Borough officials are eyeing this Third Avenue property as a potential parking lot for Fair Haven Fields, which is accessible via the backyard. (Click to enlarge)


With the gates about to open for a piece of the $2 million doled out annually in the form of Monmouth County Open Space Grants, Fair Haven officials were preparing two horses Monday night.

Their presumptive entry: a bid to acquire and demolish a home on Third Street to create a parking lot at the northern end of Fair Haven Fields, where two baseball fields are considered hard-to-reach from the main parking lot.

But should a deal not come together in time, town officials plan to seek funding for improvements to the adjoining nature area, where volunteers have fought to curb rampant invasive species in recent years.

Under the grant rules, towns are permitted to submit just one application per year, and the preferred entry this time around is for the purchase of the property at 110 Third Street, said Mayor Ben Lucarelli.

“For the borough, it has a very strategic location,” Lucarelli said at Monday’s regular meeting of the town council. “We’ve installed two new ballfields in recent years, but they’re very far away from the parking lot.” While no design has yet been worked up for the use of the property, the concept is to clear it for parking, he said.

County tax records show the property is an acre in size and assessed at $323,300. An online listing shows the property priced at $599,900. An appraisal commissioned by the borough put the value at around $520,000, Lucarelli said, noting that he did not have the exact figure.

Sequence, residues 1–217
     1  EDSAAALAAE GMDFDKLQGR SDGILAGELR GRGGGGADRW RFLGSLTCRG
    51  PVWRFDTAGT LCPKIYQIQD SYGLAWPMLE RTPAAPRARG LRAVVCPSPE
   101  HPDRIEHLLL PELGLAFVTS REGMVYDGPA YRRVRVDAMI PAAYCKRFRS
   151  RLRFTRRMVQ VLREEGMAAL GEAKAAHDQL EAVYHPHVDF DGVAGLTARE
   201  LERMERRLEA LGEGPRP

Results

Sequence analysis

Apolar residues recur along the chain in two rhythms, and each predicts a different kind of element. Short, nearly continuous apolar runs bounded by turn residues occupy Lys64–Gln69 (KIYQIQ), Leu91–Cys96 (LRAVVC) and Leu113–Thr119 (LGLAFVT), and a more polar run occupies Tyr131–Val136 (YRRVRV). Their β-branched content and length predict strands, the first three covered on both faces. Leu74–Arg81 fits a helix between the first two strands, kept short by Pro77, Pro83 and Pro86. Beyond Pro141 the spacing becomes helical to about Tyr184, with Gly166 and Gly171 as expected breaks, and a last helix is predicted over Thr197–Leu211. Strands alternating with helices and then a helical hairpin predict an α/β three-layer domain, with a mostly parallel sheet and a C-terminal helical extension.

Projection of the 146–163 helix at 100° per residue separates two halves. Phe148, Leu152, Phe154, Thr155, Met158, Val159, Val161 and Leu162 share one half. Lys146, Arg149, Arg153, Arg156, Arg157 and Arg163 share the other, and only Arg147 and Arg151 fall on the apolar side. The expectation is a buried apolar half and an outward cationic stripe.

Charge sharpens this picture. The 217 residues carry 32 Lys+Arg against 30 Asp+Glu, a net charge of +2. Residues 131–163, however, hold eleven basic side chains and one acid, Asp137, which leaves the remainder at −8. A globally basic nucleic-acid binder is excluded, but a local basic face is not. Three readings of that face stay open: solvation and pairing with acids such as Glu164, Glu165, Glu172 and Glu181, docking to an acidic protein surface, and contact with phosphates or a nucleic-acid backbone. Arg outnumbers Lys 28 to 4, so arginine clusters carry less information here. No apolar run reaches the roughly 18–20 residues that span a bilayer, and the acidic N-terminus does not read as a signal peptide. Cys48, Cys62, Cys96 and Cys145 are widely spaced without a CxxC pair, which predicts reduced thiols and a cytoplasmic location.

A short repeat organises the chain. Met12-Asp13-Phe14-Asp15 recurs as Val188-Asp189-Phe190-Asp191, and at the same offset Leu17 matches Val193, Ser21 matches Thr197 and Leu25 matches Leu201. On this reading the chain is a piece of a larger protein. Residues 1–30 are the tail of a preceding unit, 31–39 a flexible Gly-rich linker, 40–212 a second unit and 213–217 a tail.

Monmouth County caps the grants at $250,000 per project, and requires towns to match the grant amounts.

No contract has been entered for the property, and shortly before going into a closed-door executive session with the council to discuss a possible bid, Lucarelli acknowledged that another buyer could swoop in ahead of the borough, “which is why we need this second option” of the natural-area restoration proposal, he told redbankgreen.

Based on an analysis prepared for the borough in 2008, the recommended removal of invasive plants and reforestation at the natural area would cost about $270,000 in today’s dollars, borough Administrator Theresa Casagrande, estimated. Adding a deer fence to the adjoining community garden and a bluestone walkway to connect sidewalks that now terminate at the Church of the Nativity on Ridge Road and Brookside Farm Road at Fair Haven Road would boost the cost to about $470,000, she said.

Noting that the borough would have to bond for its share of the cost, Casagrande said the overall expense could be trimmed by limiting the scope of the project. Dick Fuller, who heads a nature area committee, said that volunteers had tackled some of the work recommended four years ago, which should reduce the cost, he said.

Fuller advocated for bluestone path, as did other residents. His wife, Judy, praised the idea for the garden fence, the lack of which threatened to make the facility the “laughingstock” among nearby community gardens, she said.

Officials are expected to finalize their decision at the September 10 council meeting, in time for the grant application deadline of September 19.